|Application ||WB, E|
|Other Accession||NP_065910, 203098098|
|Calculated MW||220 kDa|
|Application Notes||SHROOM3 antibody can be used for detection of SHROOM3 by Western blot at 1 - 2 µg/mL.|
|Target/Specificity||SHROOM3; SHROOM3 antibody is human specific. At least four isoforms of SHROOM3 are known to exist; this antibody will detect all four isoforms. SHROOM3 antibody is predicted to not cross-react with other SHROOM family members.|
|Reconstitution & Storage||SHROOM3 antibody can be stored at 4℃ for three months and -20℃, stable for up to one year. As with all antibodies care should be taken to avoid repeated freeze thaw cycles. Antibodies should not be exposed to prolonged high temperatures.|
|Precautions||SHROOM3 Antibody is for research use only and not for use in diagnostic or therapeutic procedures.|
|Function||Controls cell shape changes in the neuroepithelium during neural tube closure. Induces apical constriction in epithelial cells by promoting the apical accumulation of F-actin and myosin II, and probably by bundling stress fibers. Induces apicobasal cell elongation by redistributing gamma-tubulin and directing the assembly of robust apicobasal microtubule arrays (By similarity).|
|Cellular Location||Cell junction, adherens junction. Cytoplasm, cytoskeleton Note=Colocalizes with F-actin in stress fibers and adherens junctions.|
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Provided below are standard protocols that you may find useful for product applications.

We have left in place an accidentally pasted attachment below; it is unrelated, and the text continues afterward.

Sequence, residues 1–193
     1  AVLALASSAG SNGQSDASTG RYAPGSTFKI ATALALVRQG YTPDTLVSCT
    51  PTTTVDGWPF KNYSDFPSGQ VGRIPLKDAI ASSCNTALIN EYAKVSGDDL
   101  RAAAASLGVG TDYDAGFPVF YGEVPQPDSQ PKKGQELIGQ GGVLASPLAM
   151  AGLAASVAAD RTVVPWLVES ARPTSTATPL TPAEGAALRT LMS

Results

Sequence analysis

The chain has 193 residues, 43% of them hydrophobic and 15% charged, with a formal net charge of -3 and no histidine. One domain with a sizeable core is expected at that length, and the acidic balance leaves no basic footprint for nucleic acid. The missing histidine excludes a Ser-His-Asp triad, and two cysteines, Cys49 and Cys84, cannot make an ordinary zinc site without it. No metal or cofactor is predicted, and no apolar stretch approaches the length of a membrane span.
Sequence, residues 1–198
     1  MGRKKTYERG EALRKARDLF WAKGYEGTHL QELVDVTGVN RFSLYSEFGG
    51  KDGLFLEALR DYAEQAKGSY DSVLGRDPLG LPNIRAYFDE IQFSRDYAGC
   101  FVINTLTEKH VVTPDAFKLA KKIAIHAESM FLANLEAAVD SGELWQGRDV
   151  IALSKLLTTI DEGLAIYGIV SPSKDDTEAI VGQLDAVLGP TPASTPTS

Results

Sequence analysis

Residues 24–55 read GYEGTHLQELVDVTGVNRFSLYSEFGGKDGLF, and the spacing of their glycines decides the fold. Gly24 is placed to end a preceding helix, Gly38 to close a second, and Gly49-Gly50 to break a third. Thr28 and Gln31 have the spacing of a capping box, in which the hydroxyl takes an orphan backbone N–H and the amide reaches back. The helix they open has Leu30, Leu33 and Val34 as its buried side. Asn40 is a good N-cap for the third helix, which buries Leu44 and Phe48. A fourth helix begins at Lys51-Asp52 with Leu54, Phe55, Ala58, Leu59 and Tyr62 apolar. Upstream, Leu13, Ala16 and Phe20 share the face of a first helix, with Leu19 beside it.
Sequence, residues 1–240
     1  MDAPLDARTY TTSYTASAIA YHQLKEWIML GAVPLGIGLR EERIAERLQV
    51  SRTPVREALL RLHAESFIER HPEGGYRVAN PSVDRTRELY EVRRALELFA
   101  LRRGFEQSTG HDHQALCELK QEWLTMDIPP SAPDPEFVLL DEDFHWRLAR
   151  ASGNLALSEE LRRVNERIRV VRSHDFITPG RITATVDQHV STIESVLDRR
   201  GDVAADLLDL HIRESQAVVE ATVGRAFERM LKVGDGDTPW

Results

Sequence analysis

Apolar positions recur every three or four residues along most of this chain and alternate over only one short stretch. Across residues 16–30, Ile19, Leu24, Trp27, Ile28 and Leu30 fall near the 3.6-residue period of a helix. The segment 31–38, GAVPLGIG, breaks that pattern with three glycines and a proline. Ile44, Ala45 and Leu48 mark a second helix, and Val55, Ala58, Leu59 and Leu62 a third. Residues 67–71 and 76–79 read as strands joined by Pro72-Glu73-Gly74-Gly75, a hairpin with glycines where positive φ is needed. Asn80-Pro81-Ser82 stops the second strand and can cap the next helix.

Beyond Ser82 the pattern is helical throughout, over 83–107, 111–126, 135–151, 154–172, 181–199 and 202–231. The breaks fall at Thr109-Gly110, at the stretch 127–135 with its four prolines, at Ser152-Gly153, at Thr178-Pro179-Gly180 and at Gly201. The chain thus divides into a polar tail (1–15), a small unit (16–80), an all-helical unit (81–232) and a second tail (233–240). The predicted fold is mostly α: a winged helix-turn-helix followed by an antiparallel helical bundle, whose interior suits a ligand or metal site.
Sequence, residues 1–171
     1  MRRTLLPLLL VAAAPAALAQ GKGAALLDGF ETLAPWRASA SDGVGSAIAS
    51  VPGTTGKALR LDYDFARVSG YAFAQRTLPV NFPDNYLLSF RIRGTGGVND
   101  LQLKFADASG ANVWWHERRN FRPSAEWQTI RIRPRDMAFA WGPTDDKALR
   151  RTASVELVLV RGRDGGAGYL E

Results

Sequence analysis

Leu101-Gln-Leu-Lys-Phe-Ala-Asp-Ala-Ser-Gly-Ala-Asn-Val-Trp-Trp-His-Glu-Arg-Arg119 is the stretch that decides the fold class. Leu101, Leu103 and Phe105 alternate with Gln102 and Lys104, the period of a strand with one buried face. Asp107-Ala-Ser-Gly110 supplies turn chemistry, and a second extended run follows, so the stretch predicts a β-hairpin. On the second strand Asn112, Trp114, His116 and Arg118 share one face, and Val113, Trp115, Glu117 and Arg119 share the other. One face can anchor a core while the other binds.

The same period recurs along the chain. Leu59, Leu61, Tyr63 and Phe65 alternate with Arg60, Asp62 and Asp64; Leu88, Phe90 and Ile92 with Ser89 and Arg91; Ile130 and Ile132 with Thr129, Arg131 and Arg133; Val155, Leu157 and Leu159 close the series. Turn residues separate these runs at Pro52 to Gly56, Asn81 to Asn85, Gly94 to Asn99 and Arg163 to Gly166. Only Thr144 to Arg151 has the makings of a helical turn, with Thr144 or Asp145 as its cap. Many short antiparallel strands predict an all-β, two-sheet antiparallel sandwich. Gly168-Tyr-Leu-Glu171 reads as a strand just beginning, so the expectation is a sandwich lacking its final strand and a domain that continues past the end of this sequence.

SHROOM3 Antibody: SHROOM family members play diverse roles in the development of the nervous system and other tissues. SHROOM3 is an actin-binding protein is a regulator of the microtubule cytoskeleton during epithelial morphogenesis and is sufficient and necessary to induce a redistribution of the microtubule regulator gamma-tubulin. It is necessary for both apiscobasal cell elongation and apical constriction in the neural epithelium. SHROOM3 has also been shown to be essential for cell shape changes and morphogenesis in the developing vertebrate gut, with its transcription relying on the Pitx1 transcription factor.
Lee C, Le MP, and Wallingford JB. The shroom family proteins play broad roles in the morphogenesis of thickened epithelial sheets. Dev. Dyn. 2009; 238:1480-91
Lee C, Scherr HM, and Wallingford JB. Shroom family proteins regulate gamma-tubulin distribution and microtubule architecture during epithelial cell shape change. Development 2007; 134:1431-41.
Haigo SL, Hildebrand JD, Harland RM, et al. Shroom induces apical constriction and is required for hingepoint formation during neural tube closure. Curr. Biol. 2003; 13:2125-37
Chung MI, Nascone-Yoder NM, Grover SA, et al. Direct activation of Shroom3 transcription by Pitx proteins drives epithelial morphogenesis in the developing gut. Development 2010; 137:1339-49.
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